Thirty Years of Mass Spectrometry: A Personal Perspective

Author: Beynon, J. H.

Source: Applied Spectroscopy, Volume 33, Issue 4, Pages 339-413 (July/August 1979) , pp. 339-345(7)

Publisher: Society for Applied Spectroscopy

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It is a great honor to receive the Maurice F. Hasler Award for 1979 which recognizes the achievements of Dr. Hasler in developing instrumentation and optical systems for spectrochemical analysis. The previous seven recipients have set a standard of achievement which it is difficult to approach, let alone match and so my feeling of pride at having been chosen for the Award is tempered by humility. Mass spectrometry has always been on the fringes of spectroscopy and there have even been arguments that the subject should not be classified as spectroscopy at all. I have always believed that the name for my subject is a good one and that a spectrum is "a display of any type of radiation as a function of its wavelength, energy, momentum, mass, or any other related quantity." Certainly, more and more mass spectrometric papers now deal with studies of transitions between ionic states and thus emphasize the spectroscopic nature of the subject. The recognition of the importance of mass spectrometry implied by my being chosen for this Award by the Society for Applied Spectroscopy is a source of particular pleasure to me. May I end these introductory remarks by thanking Bausch and Lomb and in particular a Division of this Company, the Applied Research Laboratories (for whom Dr. Hasler worked), for sponsoring the Award.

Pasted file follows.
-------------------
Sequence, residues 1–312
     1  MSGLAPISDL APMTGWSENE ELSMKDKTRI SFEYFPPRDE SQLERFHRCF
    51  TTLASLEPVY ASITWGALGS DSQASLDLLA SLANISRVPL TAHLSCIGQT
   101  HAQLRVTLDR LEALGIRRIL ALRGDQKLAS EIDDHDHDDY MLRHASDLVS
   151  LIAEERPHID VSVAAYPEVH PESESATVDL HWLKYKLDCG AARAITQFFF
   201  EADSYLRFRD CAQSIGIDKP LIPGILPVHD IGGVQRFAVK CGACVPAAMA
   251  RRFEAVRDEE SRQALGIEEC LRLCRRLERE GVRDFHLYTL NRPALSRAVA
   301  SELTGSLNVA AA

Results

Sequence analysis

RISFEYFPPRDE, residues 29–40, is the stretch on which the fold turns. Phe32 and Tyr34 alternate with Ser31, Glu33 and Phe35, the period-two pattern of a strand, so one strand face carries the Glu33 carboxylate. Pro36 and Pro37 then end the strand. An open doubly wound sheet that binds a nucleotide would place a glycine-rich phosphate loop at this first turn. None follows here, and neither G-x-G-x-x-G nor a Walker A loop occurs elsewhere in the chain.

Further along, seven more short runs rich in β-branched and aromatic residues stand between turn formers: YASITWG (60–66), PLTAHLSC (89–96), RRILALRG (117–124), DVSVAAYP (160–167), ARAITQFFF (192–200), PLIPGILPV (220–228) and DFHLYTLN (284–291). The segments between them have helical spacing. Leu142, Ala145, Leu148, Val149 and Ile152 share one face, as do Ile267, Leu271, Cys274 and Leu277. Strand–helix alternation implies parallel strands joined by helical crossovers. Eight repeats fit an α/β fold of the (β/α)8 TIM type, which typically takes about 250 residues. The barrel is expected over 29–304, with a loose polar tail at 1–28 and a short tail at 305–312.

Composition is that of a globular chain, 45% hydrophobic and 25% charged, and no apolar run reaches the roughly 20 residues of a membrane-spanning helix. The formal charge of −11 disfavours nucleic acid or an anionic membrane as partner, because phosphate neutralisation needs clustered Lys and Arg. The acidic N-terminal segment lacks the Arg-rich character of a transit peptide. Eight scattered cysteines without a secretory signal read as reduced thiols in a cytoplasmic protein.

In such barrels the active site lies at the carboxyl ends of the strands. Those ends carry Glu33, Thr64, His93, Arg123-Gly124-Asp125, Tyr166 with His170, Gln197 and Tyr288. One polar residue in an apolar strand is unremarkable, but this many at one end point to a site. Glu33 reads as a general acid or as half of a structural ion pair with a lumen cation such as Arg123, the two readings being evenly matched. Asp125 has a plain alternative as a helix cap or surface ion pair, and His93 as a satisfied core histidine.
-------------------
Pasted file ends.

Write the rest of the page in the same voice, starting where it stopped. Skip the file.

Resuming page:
Document Type: Research Article


Affiliations: Royal Society Research Professor, University College of Swansea, Singleton Park, SWANSEA SA2 8PP, United Kingdom

Publication date: July 1, 1979

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